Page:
In Defense Of The “Tradwife”

By Allison Schuster – Thursday, May 9, 2024

The corporate media has a new punching bag – so-called “tradwives,” or women who choose to embrace a more traditional role as a homemaker and mother. As the “tradwife” trend has grown in popularity on social media, so too have leftist critiques of this supposedly “sexist” and “dangerous” conception of womanhood.

One recent hit piece from Time Magazine entitled “The Truth About the Past That ‘Tradwives’ Want to Revive” is indicative of the media panic over the idea that women might not want to work outside the home.

In the article, author Jacqueline Beatty, a “historian of early American women and gender,” warns that tradwives “are exploited as pawns of the right, laundering extremist views and transforming them into ostensibly more palatable packaging.” She further worries that women who promote the tradwife lifestyle on social media “entice their followers with soothing videos of sourdough bread baking and #OOTDs [‘outfits of the day,’ a popular trend on social media] evoking prairie chic or Donna Reed, with dangerous consequences.”

And just what are those dangerous consequences? According to Beatty, “advocacy for the ideology and principles of so-called ‘traditional’ gender roles in marriage ultimately have the effect of promoting a return to the days of coverture and an erasure of the hard-fought (if incomplete) gains of women’s rights activists throughout American history.”

In other words, if you dress conservatively, bake bread, and care for your children, watch out – you might be peddling extremist right-wing ideology and destroying women’s rights.

But Jacqueline Beatty is hardly the only one concerned about the “dangerous consequences” of the tradwife lifestyle. Back in February, Time ran another piece from psychologist Vanessa Scaringi on “the false escapism of soft girls and tradwives.” According to Scaringi, the “decline in young women’s mental health” is directly connected to the tradwife trend. She further calls it “troubling” that women are being drawn “back into such traditional roles.”

(Notably, Scaringi never stops to consider whether the reverse may be true; that young women are anxious and depressed because society is pressuring them to eschew being a devoted wife and mother, while embracing traditional gender roles may alleviate anxiety and depression rather than causing it.)

Teen Vogue is sounding the alarm about tradwives as well. In late April, they warned that (gasp!) the tradwife lifestyle promotes “fundamentalist religious values.” The Washington PostThe New Yorkerand The Sun have all also recently lamented the supposed horrors of the tradwife phenomenon.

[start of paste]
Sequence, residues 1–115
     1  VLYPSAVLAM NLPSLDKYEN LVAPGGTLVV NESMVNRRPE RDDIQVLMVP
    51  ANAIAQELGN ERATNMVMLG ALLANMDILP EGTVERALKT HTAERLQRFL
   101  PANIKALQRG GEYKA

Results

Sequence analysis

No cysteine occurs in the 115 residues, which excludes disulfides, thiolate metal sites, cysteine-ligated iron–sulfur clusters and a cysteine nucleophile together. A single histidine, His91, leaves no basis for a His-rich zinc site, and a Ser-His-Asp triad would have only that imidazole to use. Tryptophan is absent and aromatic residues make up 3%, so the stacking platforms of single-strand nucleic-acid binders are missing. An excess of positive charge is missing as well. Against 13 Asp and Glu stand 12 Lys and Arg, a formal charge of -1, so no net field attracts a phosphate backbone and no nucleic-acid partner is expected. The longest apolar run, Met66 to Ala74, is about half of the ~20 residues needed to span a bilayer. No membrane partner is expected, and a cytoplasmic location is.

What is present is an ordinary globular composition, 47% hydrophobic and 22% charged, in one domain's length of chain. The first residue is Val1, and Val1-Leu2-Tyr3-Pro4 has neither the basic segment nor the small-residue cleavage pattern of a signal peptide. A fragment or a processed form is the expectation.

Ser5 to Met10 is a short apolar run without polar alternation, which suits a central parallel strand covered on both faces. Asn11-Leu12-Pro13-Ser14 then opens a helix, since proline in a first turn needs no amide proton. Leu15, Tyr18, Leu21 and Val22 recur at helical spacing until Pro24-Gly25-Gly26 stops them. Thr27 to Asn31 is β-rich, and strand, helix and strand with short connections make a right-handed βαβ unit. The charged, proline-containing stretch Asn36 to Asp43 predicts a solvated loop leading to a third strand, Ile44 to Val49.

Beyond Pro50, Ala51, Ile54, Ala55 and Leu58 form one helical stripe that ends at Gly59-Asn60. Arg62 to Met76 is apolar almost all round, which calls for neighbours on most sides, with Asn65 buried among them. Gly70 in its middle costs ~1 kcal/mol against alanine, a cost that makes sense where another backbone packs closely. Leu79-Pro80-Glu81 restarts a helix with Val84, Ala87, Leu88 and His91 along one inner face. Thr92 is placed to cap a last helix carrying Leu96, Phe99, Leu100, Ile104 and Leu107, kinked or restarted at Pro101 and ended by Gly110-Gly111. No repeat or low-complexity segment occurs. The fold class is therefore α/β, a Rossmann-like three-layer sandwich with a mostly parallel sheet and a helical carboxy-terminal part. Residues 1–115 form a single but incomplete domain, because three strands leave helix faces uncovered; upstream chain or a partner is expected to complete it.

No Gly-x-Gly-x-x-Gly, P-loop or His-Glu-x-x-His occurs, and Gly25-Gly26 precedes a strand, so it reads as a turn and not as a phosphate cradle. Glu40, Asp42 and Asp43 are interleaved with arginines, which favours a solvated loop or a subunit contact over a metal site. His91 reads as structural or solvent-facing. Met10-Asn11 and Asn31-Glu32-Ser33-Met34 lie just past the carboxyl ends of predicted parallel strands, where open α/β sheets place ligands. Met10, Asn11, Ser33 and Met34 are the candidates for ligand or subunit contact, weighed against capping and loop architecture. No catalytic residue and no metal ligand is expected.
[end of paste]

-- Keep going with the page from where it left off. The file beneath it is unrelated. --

But despite the corporate media scolds warning about the supposedly sinister nature of being a homemaker and stay-at-home mom, tradwife influencers on social media are only continuing to gain popularity. Estee Williams, whose Instagram bio reads “Traditional Wife,” has garnered 120,000 followers on Instagram and nearly 200,000 on Tik Tok for her content. Hannah Neeleman, a mother of eight who posts baking and gardening content, boasts 8.9 million followers on Instagram and 7.1 million on TikTok.

For the left, the tradwife trend presents a direct and existential threat to their cultural dominance – hence the media’s rush to condemn tradwife influencers. While the left has for decades sought to erode traditional gender roles and the family as the foundations of society, the tradwife lifestyle re-asserts those values and, more concerningly for the left, makes them appealing to the youngest generations.

But in attacking tradwives, the left unintentionally reveals that it has no real interest in “empowering” women or “liberating” them from traditional gender roles.

In Beatty’s Time article, for instance, she dishonestly insinuates that more women becoming homemakers and stay-at-home moms could lead to a rollback of laws against marital rape and the return of coverture, an 18th-century marriage law whereby a woman was legally under her husband’s protection and authority.

Of course, tradwife influencers do not promote any erosion of women’s legal rights, and the idea that being a homemaker means giving up protections against abuse and violence is ridiculous on its face. The purpose of Beatty’s argument is transparently to scare female readers into believing that embracing traditional gender roles means giving up all autonomy and agency.

The characterization of traditional gender roles as inherently oppressive is also an insult to women who choose to prioritize their roles as wives and mothers. The message from the left to traditional wives seems to be, “choose to live your life however you want, but don’t choose that.”

Unfortunately for the left, the media freakout over tradwives may only succeed in making the content more popular on social media, thereby making the lifestyle more appealing to more women.

For decades, the left has tried to convince women – and men, for that matter – that individual achievement, defined by financial and career success, is the ultimate path to happiness. But as more and more people discover that to be an empty promise, the country may be on the verge of a great resurgence of the value of family and marriage as the true path to fulfillment.

Allison Schuster is a contributor for AMAC Newsline, the Federalist, American Greatness, and the Conservateur, as well as a proud 2021 graduate of Hillsdale College.